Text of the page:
August 12, 2000

A more sunny day than yesterday. It's nice to come out of the mine to a nice warm sun.

Dave and I worked further on the timbering in the New Drift and have it almost completed to the face. The last cross piece we placed needed a leg placed on the right side of the tunnel because it seemed that there wasn't enough support in the hole we carved out of the wall. The post is going to give us a headache using the mucker though, it's very close to the tracks on that side. We'll have to be careful.

We need one more cross piece, with lagging and cribbing above it, to complete the timbering to the face and have it stay stable over the winter. We are thinking now that we won't make much more progress tunneling north but, instead, dig to the west towards Byron's pocket from last year. Time is running out very quickly and mining is time consuming.

Before we can complete the timbering, we need to square up the face with a couple of well placed shoots. Along with the shoots in the face we will also put in a couple of lifters for Byron in the pocket to give him more room to advance. Byron says he needs at least one day of sawing to be ready for the shoots, so it won't be until next week sometime before we can complete the job.

After timbering as much as we could we mucked out the face. Byron had to cut one boulder in half to make it manageable. It was just to large to be moved by the mucker and it was about 2/3 of it's original size since Byron cut off a third that had a tube of fluorite running through it.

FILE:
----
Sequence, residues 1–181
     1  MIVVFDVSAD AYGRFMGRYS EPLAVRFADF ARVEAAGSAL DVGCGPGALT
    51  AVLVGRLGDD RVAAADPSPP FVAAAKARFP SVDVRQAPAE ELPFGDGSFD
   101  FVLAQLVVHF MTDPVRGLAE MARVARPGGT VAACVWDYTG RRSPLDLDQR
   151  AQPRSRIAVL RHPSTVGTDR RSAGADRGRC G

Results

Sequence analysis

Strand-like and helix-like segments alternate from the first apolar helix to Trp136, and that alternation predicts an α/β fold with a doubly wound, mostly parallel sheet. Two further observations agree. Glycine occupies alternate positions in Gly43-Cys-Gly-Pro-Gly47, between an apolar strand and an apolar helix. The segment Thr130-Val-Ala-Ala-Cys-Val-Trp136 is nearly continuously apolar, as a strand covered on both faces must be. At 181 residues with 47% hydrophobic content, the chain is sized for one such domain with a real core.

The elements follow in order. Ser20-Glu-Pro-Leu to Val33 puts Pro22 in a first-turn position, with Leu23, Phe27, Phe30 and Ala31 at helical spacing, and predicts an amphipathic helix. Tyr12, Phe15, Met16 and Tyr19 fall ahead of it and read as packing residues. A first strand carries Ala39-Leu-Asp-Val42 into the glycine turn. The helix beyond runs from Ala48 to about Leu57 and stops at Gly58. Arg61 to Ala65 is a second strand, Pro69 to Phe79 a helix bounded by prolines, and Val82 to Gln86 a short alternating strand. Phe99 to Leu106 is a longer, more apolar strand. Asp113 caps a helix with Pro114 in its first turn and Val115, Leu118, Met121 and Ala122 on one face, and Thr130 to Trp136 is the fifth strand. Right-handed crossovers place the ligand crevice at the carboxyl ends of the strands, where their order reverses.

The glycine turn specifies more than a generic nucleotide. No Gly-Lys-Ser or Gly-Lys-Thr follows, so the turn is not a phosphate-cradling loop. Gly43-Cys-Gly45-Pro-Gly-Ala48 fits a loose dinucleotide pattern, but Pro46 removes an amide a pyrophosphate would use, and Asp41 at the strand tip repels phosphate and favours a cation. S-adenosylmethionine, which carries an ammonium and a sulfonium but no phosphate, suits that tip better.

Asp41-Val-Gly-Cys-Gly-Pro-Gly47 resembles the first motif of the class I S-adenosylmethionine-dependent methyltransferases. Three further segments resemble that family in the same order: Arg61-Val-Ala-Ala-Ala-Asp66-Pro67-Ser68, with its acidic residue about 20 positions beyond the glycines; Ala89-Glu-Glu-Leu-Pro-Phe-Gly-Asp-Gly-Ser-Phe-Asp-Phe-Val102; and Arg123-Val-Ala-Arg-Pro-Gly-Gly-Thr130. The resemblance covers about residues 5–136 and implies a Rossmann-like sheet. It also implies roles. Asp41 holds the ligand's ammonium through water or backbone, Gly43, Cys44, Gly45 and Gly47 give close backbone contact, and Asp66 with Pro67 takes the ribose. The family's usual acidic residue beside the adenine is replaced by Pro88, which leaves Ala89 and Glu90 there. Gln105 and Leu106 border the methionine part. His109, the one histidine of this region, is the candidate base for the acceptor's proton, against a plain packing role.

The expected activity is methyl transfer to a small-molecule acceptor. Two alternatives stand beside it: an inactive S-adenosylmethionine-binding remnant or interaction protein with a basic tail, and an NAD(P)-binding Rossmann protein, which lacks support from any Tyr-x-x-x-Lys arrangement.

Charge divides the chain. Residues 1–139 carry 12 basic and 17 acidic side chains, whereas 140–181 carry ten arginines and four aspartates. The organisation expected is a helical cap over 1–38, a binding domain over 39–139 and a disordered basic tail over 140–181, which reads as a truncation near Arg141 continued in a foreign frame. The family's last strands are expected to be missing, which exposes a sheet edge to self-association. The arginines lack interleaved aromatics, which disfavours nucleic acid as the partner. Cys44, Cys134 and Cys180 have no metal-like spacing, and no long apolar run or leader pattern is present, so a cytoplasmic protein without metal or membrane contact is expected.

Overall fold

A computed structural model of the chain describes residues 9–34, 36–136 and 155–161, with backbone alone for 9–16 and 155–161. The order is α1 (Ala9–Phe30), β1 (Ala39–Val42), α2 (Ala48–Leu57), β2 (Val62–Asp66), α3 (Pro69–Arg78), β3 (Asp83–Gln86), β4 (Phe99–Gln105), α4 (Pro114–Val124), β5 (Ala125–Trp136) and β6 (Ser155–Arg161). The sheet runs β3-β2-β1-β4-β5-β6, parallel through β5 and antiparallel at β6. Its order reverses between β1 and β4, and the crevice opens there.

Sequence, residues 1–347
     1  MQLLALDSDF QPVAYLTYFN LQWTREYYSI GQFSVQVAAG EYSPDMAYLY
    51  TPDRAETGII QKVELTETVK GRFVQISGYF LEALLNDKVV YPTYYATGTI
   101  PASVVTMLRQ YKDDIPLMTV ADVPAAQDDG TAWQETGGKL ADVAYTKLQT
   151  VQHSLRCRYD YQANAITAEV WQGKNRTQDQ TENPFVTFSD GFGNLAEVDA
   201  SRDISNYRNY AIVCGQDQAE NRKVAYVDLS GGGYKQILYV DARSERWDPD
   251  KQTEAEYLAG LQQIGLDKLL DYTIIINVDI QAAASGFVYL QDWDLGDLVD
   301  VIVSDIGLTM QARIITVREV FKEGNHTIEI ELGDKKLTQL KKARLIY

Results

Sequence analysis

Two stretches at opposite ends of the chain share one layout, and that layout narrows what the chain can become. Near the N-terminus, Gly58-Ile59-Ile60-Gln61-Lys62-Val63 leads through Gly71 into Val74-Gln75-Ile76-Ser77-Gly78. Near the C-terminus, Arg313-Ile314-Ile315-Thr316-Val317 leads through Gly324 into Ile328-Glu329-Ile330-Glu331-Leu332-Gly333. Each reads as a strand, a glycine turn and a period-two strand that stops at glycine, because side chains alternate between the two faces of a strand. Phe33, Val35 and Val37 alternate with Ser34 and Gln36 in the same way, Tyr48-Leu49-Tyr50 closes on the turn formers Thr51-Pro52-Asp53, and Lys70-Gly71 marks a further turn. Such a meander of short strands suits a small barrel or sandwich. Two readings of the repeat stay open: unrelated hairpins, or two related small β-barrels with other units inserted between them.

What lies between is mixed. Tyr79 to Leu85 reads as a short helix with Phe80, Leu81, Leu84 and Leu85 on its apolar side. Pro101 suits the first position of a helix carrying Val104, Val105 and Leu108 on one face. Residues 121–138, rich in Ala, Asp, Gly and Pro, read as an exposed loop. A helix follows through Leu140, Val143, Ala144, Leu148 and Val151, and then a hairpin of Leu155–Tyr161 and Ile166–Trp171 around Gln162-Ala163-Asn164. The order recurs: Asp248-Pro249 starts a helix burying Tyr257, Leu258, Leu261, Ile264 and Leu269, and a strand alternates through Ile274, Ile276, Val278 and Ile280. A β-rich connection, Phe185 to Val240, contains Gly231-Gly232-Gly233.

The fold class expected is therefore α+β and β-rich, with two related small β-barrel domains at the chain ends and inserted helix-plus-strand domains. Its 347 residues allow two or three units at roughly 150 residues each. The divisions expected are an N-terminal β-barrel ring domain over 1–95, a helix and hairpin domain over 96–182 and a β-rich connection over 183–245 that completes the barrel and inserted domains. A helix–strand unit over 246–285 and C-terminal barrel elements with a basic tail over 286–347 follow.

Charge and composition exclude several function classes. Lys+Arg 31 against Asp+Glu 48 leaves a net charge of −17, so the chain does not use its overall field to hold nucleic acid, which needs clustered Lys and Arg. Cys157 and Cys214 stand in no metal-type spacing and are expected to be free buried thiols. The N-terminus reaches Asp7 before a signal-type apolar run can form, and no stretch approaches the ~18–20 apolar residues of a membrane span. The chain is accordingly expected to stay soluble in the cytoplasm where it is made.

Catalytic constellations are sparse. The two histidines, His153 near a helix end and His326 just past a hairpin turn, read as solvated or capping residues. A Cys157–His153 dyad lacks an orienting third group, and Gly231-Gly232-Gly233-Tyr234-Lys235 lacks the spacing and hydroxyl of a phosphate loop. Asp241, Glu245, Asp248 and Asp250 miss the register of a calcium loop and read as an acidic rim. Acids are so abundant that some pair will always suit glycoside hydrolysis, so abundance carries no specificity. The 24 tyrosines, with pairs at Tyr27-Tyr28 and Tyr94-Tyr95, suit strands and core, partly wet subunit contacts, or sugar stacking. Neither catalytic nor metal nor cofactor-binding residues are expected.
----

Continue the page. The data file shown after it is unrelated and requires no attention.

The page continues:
The tunnel is now fully timbered and lagged from where the 'ankerized' limestone starts to near the face for about 15 feet. It's nice to work under safe conditions again. Cal told me the other day that when he first visited the mine several years ago there was a very nice pocket left in the face in Mick and Lindsay's tunnel. When he asked why they didn't dig it out, both Mick and Lindsey replied that they NEVER work more than 3 feet from an arch and the pocket was about 4-5 feet from their last steel arch. Now I see why that is prudent advice, especially along the vein as in their tunnel.

Near the end of the day Dave and I checked out the main drift, Mick and Lindsay's tunnel, to plan for the arch support. A few more small pieces had dropped from the ceiling but for the time being it seemed pretty stable even though there is a five inch gap running above the blocks of limestone. This ground doesn't give much warning when it collapses. Monday we will shoot a couple of places for the arch feet and also on the left side of the tunnel at the face.

Tomorrow we will take a much needed day off. I'm cooking a leg of lamb for an early dinner with Cal and Kerith and friends, so until Monday.....

Cheers, Jim



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